Well, as promised from my last posting on olives, here is something completely different. And I mean that in many respects. Here we have a conifer that lives outdoors the entire year and needs as much sun as you can throw at it (the olives are sun-loving too) It’s also the only black pine worth talking about in my collection. It has a story behind it before it ever got to me…

Scott Elser–three time National Bonsai Show winner–brought this tree into our club meeting for the raffle table. This tree is on Japanese black pine root stock and the cork bark cultivar was grafted on. The union where the graft was done is really obvious and is something we don’t want to see. Scott tried to air layer this tree at the graft union using the tourniquet method of wrapping wire tightly around the trunk Ā to cut into the cambium layer of bark in hopes the tree would throw roots where the tourniquet was applied. The experiment failed and he was left right back where he started. He decided to let someone else have a go at it by bringing it to the raffle. My friend Margie won the tree and was in the process of moving and asked me to look after it for her. I’ve got lots of room here, so it was no problem. That was a year ago.

I couldn’t help trying to come up with a solution to the problem this tree posed and after a year of moving it around because it sat in a section of lawn that had to be mowed every two weeks; it came to me this spring. Before I go much further, how about an image of what I was dealing with?

Cork Bark before

 

Here’s the subject in its decaying terracotta pot and quite an assortment of very bad weeds and an ugly trunk. The graft union is very obvious as the cork bark cultivar inverts the taper. Let’s go around the tree:

Cork Bark before

 

The tree sure is healthy, a result of using Portland Rose Society organic fertilizer pellets with mycorhizae. More views:

Cork Bark before

 

Another view of the ugly graft union; makes it look more like a cactus than a tree.

Cork Bark before

 

Straight, shiny needles are a sure sign of health!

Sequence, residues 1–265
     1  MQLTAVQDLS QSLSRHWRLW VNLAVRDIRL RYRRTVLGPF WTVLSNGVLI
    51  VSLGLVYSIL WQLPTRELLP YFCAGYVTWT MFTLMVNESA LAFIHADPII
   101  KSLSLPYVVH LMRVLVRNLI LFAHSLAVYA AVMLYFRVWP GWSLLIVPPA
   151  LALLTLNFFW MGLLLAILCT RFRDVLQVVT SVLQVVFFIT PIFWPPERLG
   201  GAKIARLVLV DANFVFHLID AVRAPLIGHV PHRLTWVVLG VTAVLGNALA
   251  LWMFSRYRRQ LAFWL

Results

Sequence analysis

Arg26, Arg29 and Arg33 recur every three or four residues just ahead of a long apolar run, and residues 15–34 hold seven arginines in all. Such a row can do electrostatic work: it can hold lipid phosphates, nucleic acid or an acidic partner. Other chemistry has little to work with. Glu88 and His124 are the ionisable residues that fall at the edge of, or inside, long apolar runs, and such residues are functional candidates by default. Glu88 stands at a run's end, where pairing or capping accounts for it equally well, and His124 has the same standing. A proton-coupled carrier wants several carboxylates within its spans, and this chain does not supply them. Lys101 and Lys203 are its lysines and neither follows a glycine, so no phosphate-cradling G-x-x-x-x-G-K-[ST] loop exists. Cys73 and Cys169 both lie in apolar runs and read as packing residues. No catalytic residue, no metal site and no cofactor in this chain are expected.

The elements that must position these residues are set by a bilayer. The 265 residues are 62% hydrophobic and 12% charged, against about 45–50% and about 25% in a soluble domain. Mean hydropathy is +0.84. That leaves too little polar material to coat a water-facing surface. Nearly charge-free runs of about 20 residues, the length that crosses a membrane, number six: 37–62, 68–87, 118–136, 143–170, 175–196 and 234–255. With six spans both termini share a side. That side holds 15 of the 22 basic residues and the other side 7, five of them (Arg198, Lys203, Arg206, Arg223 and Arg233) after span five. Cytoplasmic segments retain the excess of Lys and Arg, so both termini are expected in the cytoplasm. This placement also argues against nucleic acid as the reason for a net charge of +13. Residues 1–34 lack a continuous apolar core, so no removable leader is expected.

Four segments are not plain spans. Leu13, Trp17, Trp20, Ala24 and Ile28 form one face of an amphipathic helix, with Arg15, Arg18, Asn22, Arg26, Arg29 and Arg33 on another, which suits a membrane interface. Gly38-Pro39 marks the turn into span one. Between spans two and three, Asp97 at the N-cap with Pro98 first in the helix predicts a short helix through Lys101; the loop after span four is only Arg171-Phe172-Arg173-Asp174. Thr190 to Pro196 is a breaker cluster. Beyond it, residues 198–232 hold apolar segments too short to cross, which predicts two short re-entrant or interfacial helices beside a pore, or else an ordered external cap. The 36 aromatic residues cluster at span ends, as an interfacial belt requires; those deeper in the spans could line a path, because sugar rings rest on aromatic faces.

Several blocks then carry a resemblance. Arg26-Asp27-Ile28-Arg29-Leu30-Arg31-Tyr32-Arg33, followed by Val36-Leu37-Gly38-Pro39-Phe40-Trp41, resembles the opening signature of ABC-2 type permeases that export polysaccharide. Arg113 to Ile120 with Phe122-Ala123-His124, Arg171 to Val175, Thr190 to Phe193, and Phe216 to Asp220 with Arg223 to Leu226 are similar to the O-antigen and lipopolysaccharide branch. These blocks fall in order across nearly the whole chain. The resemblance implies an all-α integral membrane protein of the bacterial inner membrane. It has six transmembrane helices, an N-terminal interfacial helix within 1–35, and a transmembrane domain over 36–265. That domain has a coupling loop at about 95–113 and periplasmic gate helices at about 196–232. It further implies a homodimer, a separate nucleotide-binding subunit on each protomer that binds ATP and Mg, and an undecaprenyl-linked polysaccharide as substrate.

Cork Bark before

 

The trunk does have nice movement–to its credit šŸ˜‰

Cork Bark before

 

A close-up showing the graft union/tourniquet interface. Scott did recommend another attempt with more conviction which might kill the tree in the process as one option for the future of the tree. It took me a year but I saw another angle…

Cork Bark after

 

I ’tilted her over’ into a Chinese pot I had sitting around (anybody know what the characters mean?) and this is what I got; the tree is wired into the pot ‘just so’. The angle of inclination, the position in the pot–even the pot itself all fell into place. I felt privileged to witness such a transformation. A close-up of the trunk/soil interface:

Cork Bark after

 

I still had to use a little of the grafted root stock, which I’m hoping will age and blend even further with the cork bark of the rest of the tree. I will keep an eye on the tree as the months go along and may start candle work as early as late May…we’ll see. I would like to wire the tree by fall at the very least. I took these photos over a week ago and the candles are already orienting themselves to the new planted angle–a sure sign of vigor. I hope you have enjoyed this transformation of a seemingly impossible piece of material as much as I have! Stay tuned…there’s much more to come šŸ˜‰

And before I forget, Margie has graciously allowed me to keep the tree for myself in exchange for bonsai work…Thanks Margie!

Advertisements